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New Law Extends ERISA Protections to IRAs - What You Should Know Before Rolling Your 401(k) to an IRA

Understanding ERISA Protections for IRAs: A Guide Before Rolling Over Your 401(k)

The Department of Labor released regulations earlier this week to provide consumers with new protections for investors moving assets from their 401(k)s to individual retirement accounts (IRAs). This shift, which approaches $1 trillion each year, has grown due to the influx of Baby Boomer retirements. Previously, ERISA laws safeguarded financial advice within 401(k) plans but not after funds moved into IRAs.

What the law does

Starting in September, the new regulation extends ERISA’s fiduciary requirements to all advisers, brokers, and insurance agents advising on IRAs, including rollovers. Proponents argue this protects consumers who may lack a full understanding of the conflicts of interest some advisors operate under. For instance, insurance agents may earn significant commissions selling annuities.

According to a Wall Street Journal article the regulation is designed to make fees more transparent. “The Labor Department is concerned that when a person is moving what might be their entire 401(k) account into an IRA they should be receiving advice that’s in their best interest,” said Fred Reish, an attorney who specializes in employee benefits.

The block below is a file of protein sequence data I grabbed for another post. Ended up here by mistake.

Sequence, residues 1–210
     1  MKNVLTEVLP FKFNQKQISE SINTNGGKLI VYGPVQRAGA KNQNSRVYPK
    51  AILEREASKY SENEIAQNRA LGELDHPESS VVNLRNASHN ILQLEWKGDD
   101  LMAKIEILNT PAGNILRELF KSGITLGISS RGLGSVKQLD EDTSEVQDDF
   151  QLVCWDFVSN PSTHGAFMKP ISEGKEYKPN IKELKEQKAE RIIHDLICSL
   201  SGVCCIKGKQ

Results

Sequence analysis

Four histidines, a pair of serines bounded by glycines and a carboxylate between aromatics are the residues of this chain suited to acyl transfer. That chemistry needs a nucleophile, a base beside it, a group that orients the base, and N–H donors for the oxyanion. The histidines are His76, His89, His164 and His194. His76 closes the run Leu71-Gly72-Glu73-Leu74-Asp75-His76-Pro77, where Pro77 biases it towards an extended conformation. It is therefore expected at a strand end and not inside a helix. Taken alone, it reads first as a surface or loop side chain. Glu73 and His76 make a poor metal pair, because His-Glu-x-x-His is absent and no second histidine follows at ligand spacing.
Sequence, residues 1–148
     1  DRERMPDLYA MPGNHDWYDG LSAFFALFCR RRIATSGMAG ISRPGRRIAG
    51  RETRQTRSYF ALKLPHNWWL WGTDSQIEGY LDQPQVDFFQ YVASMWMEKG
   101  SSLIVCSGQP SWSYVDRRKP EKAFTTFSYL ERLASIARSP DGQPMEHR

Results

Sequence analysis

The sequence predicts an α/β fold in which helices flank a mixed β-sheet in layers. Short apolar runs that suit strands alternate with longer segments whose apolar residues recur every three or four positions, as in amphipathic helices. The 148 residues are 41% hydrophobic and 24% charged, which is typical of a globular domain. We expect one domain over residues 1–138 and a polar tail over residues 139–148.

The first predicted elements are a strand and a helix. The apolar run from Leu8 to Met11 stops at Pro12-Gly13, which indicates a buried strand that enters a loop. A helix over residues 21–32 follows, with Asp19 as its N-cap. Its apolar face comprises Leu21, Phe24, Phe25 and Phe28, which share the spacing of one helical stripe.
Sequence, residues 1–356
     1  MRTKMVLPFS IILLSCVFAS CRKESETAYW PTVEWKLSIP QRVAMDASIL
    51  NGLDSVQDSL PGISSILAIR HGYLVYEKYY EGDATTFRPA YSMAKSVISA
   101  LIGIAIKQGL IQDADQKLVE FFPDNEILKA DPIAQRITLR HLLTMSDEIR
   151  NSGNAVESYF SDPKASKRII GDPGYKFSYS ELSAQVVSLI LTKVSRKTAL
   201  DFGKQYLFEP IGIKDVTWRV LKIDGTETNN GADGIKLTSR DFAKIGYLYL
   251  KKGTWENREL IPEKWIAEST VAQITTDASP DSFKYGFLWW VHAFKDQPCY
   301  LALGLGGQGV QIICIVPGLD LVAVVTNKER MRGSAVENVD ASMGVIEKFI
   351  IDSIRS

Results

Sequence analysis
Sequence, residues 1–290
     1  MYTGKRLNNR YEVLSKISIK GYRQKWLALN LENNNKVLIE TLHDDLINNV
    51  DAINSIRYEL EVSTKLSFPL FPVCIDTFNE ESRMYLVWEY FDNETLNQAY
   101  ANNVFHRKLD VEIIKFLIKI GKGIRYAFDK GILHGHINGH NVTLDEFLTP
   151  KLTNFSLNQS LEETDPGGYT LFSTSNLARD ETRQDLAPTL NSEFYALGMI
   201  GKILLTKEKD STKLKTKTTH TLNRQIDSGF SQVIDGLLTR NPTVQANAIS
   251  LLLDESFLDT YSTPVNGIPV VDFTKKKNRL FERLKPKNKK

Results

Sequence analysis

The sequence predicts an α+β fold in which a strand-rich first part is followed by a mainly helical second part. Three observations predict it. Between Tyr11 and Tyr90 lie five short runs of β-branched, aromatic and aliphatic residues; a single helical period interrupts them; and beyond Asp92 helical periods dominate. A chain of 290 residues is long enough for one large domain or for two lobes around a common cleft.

The current standard for insurance agents is weaker than what the Securities and Exchange Commission imposes on brokers and investment advisers when handling sales of mutual funds and other securities in rollovers. Insurance agents are regulated under state insurance laws. 

What the law means for you

This regulation culminates a decade-long debate and follows previous administrations' unsuccessful attempts to widen ERISA’s fiduciary standard. Legal challenges, most likely from the insurance lobby, are anticipated. The annuity lobbying group Insured Retirement Institute is already complaining about record-keeping and disclosure requirements of the new law. 

Despite industry objections, the Labor Department underscores extensive consideration of public comments in its decision-making process.

The regulation will notably impact advisors selling insurance products like indexed annuities. Under the new rule, brokers and insurance agents must adhere to fiduciary standards and disclose their responsibilities in writing, even if state laws already require acting in customers’ best interests.

Ark Royal Wealth Supports Consumer Protections and Transparency

We think this is a change that’s long overdue. We’ve seen examples of some advisors who claim to work as fiduciaries, but whose main compensation comes from selling commissioned annuity products. Consumers should remember one simple fact: if an advisor is paid by commission they have a conflict of interest – and aren’t working in your best interest.